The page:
How to Safely Socialize in 2021



COVID-19 vaccines are still months away for the majority of Americans, so experts recommend that we continue to wear masks and safely keep our distances from other people. But we need to socialize and a lack of interaction with others can lead to mental and emotional distress.

The National Alliance on Mental Illness says that the pervasive climate of anxiety, stress, and isolation may be especially harmful to our mental well-being during the pandemic.

One way to combat the isolation is to establish quarantine pods. A quarantine pod, or bubble, is a small group of people who agree to maintain similar precautionary measures such as wearing masks in public and limiting interactions with others who are not part of the group.

Melissa Hawkins, Ph.D., the director of Public Health Scholars Program in the Department of Health Studies at American University, says that establishing a pod after months of isolation is good for mental health, but it is important to make sure that pods or bubbles do not become leaky as people let down their guard. With the new COVID-19 variants arriving, we still need to stick to the precautionary rules, she says, according to Consumer Reports.

Here are some expert strategies you can use to establish your COVID-19 quarantine pod:

  • If you are starting or restarting your pod, make sure everyone has a COVID-19 test, suggests Hawkins. And if any member of the pod travels, follow the recommendations from the Centers for Disease Control and Prevention (CDC) that advise cutting out all nonessential activities for at least 7 days after the trip.
  • Choose wisely. Dr. Preeti Malani, the chief health officer in the Divisions of Infectious Diseases and Geriatric Medicine at the University of Michigan, tells Consumer Reports that the smaller the pod, the better. It is best to limit your bubble to one other family who you trust to be honest about their behavior regarding COVID-19.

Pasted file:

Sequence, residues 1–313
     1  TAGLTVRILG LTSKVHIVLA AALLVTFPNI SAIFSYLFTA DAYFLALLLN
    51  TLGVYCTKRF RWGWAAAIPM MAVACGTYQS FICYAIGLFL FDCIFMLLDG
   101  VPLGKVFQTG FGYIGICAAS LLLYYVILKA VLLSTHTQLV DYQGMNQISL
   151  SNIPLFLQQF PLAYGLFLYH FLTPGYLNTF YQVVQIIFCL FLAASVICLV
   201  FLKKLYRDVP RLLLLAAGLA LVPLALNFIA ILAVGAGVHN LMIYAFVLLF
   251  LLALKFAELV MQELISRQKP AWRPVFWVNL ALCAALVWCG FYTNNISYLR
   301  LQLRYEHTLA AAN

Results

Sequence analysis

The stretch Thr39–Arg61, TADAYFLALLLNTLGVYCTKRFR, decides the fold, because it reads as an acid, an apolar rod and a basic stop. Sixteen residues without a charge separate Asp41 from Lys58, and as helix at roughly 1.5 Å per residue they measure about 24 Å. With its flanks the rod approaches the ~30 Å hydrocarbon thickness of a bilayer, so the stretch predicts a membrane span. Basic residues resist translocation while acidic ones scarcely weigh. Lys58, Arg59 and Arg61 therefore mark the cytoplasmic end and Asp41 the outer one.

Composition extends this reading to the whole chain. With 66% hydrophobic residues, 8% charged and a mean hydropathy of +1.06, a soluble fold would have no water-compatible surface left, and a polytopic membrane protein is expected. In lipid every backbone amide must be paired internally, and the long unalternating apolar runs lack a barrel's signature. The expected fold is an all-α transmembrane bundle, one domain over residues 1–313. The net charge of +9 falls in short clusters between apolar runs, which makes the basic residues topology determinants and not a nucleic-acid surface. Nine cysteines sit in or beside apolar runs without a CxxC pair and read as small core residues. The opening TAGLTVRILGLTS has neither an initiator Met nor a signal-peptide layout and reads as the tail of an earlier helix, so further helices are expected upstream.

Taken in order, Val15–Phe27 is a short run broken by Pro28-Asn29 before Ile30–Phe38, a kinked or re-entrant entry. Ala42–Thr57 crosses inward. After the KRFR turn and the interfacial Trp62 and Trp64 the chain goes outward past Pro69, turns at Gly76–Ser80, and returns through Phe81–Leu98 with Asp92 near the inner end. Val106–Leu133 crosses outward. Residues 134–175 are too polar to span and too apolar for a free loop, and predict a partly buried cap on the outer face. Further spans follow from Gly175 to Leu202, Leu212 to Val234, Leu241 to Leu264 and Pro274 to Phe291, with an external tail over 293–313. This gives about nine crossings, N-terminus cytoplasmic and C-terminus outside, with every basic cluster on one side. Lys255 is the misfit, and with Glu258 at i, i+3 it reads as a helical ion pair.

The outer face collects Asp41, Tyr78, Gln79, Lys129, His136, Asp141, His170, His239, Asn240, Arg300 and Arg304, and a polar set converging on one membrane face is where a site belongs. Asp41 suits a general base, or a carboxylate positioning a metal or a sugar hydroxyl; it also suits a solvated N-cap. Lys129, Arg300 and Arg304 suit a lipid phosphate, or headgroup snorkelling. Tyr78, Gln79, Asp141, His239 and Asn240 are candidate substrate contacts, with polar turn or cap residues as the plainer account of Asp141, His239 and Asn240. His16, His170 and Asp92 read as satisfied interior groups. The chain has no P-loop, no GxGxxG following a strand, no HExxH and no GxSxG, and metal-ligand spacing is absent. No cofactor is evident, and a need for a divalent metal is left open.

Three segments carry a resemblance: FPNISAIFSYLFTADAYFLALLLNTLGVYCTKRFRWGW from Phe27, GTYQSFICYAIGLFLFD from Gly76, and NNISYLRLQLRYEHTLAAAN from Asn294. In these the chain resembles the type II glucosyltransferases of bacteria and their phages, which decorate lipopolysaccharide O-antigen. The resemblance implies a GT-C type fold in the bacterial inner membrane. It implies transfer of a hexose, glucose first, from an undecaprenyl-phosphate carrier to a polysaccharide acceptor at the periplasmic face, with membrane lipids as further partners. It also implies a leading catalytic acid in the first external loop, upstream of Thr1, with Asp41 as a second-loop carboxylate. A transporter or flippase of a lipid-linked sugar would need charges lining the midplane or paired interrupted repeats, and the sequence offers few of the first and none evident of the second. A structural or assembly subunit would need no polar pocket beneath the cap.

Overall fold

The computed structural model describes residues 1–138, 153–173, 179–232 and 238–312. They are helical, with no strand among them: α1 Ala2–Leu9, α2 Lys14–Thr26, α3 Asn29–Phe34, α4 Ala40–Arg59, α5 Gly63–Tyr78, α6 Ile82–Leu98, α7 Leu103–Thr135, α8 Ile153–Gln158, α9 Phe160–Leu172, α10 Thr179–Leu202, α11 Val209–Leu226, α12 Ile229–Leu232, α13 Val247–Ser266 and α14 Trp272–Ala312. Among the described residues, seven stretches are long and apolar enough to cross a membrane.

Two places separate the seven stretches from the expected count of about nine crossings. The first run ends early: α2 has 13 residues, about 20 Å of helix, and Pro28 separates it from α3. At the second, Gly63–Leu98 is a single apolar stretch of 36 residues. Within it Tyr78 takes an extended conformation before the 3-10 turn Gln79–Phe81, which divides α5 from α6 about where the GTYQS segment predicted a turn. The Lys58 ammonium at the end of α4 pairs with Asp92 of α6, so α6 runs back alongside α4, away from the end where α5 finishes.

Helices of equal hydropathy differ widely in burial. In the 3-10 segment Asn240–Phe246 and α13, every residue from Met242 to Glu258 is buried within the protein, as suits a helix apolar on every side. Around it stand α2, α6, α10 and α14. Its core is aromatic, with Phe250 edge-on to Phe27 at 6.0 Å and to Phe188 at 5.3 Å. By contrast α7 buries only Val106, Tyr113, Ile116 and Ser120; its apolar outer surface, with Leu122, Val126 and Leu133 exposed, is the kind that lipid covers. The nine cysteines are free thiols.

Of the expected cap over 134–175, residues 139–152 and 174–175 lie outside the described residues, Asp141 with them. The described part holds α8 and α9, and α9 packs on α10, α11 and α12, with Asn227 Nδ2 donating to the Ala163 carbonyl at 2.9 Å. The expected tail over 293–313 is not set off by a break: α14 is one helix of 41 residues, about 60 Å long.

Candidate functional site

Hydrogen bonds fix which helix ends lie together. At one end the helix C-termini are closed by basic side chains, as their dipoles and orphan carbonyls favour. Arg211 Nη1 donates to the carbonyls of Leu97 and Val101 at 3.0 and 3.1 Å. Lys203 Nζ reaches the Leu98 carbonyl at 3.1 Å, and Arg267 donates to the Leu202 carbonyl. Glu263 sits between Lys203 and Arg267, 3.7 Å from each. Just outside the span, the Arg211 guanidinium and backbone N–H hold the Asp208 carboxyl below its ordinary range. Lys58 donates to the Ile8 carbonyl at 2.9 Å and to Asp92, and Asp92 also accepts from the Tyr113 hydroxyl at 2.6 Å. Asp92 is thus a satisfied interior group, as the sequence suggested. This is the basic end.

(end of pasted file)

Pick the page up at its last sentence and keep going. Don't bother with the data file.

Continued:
• Set clear rules. Make sure that all pod members are on the same page about activities such as grocery shopping, wearing masks, and socializing outside the pod. A key rule, according to Consumer Reports, is that if any person experiences symptoms of illness, they should report it to all members.
  • Have a plan ready if someone does get sick. Follow the CDC guidelines and how to safely quarantine to avoid exposure to other members of the pod.
  • Reduce risks when you gather. Try to gather outdoors, says Malani, even if it is cold. Keep your masks on and keep the visits brief. “There’s no bad weather, there’s just inadequate clothing,” says the Michigan-based expert.
  • Make encounters meaningful. Chances are you will meet less frequently during the pandemic so make the interaction count. “When you have a chance to be with people, be with people. Don’t be on your phone,” said Malani. Apply the same principle to Zoom meetings which can help people outside the pod stay in touch with each other, say experts. Take the time to really connect with others safely to share and create memories.

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